A geographical indication is a name or sign used on certain food products that correspond to a specific geographical location or origin. Such geographic locations includes:
- A city/town: Darjeeling
- Region: Pisco, Malabar and Nilgiries
- Country: India, China and Arabia
An estimate states that the international market of medicinal plants-related trade at US $60 billion per year growing at about 7% annually. India has only 2.5% share of this market. Quantities features of certain goods have impact of geographical conditions prevailing within it. The use of a GI may act as a certification that the product possesses certain qualifies, or enjoys a certain reputation, due to its geographical origin. Geographical indications do protect the interest of remote territories and augment the import and exports of the nation. Also portion inherited knowledge, indigenous architectural designs and knowledge about herbal medicines could preserve under this category. They protect and reward traditions while allowing evolution. They emphasize the relationships between human cultures and their local land and environment. They are not freely transferable from one owner to another. They can be maintained as long as the collective tradition is maintained.
The existing system of IPR does not protect the resources from exploitation by an individual Commercial interest in plant and animal species in industrializing countries and traditional knowledge and remedies has raised questions of ownership of such resources, previously assumed to be in public domains. Convention on Biological diversity recognizes the sovereign rights of the states over the genetic resource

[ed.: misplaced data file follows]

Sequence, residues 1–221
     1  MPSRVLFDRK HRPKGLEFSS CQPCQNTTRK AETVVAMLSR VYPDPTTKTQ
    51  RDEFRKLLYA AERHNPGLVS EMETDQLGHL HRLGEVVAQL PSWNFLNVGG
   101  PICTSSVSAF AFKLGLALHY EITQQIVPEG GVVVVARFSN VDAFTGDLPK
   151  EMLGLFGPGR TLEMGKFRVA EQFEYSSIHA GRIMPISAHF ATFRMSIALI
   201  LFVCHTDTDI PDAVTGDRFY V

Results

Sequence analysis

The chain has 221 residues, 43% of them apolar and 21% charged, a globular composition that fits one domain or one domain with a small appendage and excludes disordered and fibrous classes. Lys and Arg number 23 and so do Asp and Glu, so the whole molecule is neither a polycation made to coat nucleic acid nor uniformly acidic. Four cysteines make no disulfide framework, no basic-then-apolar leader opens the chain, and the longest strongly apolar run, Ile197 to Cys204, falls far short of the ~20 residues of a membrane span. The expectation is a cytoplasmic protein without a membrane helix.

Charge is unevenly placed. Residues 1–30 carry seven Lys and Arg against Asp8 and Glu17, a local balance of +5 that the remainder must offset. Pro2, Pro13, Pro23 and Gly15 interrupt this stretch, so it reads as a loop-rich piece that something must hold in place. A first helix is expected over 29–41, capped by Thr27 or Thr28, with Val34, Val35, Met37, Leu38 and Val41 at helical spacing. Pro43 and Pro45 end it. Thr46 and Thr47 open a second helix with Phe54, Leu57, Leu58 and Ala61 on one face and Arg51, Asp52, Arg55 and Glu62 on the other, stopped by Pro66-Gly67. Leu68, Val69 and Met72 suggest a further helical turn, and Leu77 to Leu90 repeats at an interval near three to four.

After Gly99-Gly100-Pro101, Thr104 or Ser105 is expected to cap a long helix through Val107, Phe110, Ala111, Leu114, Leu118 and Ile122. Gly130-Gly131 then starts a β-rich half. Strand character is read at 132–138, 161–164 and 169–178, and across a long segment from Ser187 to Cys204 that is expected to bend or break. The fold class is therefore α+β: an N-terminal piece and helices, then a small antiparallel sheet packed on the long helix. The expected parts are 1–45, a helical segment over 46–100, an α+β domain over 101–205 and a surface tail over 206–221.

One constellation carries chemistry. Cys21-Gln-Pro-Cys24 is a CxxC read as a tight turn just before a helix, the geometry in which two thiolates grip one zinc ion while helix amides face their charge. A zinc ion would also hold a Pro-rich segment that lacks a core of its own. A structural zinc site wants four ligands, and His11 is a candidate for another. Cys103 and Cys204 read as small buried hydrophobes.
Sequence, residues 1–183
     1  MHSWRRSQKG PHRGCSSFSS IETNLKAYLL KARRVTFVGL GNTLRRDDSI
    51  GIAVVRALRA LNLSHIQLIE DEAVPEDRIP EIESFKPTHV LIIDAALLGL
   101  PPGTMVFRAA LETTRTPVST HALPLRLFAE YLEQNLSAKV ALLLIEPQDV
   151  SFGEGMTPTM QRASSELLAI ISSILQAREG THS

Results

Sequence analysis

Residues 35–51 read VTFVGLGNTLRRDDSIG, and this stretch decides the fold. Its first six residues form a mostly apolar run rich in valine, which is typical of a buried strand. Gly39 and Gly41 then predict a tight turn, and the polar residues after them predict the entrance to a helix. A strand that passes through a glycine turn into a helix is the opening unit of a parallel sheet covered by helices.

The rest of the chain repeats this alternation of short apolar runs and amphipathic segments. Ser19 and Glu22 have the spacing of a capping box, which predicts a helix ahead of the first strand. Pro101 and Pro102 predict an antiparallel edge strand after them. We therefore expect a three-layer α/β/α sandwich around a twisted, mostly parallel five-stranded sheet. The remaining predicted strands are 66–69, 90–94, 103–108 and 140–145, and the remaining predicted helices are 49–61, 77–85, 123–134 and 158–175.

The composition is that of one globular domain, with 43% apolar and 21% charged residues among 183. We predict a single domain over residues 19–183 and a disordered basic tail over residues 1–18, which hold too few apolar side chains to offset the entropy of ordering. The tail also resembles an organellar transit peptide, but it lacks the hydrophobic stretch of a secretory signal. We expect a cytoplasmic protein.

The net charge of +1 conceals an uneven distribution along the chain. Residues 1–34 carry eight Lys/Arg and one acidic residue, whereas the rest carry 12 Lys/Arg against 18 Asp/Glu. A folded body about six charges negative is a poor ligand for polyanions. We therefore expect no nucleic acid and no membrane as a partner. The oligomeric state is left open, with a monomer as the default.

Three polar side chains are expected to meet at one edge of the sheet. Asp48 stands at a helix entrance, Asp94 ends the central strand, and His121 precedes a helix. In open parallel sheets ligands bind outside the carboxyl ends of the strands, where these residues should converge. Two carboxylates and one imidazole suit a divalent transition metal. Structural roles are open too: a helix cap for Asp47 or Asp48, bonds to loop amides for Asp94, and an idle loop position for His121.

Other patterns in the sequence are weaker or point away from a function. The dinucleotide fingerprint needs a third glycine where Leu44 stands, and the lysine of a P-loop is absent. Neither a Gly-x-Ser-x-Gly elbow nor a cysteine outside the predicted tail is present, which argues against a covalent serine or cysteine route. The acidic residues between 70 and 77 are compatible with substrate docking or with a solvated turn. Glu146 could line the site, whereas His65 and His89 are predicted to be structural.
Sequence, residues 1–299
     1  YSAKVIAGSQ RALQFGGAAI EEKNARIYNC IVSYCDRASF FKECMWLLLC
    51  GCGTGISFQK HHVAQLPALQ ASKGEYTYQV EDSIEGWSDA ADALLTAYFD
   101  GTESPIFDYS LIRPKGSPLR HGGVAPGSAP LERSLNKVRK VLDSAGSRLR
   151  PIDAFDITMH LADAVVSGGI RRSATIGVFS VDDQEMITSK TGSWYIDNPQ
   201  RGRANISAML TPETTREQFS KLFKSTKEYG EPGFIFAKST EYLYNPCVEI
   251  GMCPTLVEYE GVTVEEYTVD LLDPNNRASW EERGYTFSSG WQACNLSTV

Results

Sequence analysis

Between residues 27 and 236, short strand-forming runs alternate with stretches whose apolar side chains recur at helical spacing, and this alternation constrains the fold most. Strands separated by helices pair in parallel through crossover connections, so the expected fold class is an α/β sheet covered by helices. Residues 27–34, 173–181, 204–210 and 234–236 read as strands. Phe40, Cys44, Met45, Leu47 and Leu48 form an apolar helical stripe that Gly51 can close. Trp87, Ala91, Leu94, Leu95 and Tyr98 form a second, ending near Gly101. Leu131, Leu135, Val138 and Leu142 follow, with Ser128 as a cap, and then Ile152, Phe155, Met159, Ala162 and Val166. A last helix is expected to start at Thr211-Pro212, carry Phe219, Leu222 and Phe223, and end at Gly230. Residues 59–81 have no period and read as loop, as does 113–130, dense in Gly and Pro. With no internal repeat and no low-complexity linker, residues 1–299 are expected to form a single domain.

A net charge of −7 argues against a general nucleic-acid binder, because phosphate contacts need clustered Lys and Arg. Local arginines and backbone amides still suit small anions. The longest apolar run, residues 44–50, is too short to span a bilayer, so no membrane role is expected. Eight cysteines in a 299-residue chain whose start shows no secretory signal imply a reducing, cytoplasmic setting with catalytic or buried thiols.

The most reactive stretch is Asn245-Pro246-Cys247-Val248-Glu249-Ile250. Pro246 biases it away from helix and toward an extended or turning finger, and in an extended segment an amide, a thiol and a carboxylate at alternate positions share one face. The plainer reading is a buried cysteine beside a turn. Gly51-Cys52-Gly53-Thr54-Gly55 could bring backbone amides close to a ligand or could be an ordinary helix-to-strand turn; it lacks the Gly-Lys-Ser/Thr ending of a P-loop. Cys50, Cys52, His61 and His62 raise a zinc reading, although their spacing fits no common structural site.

Why should the traditional knowledge protected?
A recent survey showed that the motivation for patenting in decreasing order of importance is as follows:
- Protect our technology from imitation.
- Prevent competitors from patenting and application activities.
- Improve the technological image of one’s company or institution.
- Create a conducive climate for R&D cooperation.
- Generate licensing income.
- Improve inter-firm negotiations (cross licensing, joint ventures).
- Prevent patent infringement suits.
- Acquire venture capital.
Plant variety rights
Plant variety rights (PVR) protect newly bred varieties of plants. They enable the breeders of successful varieties to control their reproduction and by licensing to obtain substantial investments of time and resources needed to produce them. The rights are specifically adopted to needs of farmers and breeders but coexist easily with patent rights on genetic inventions. TRIPS provisions require member countries to protect plant varieties.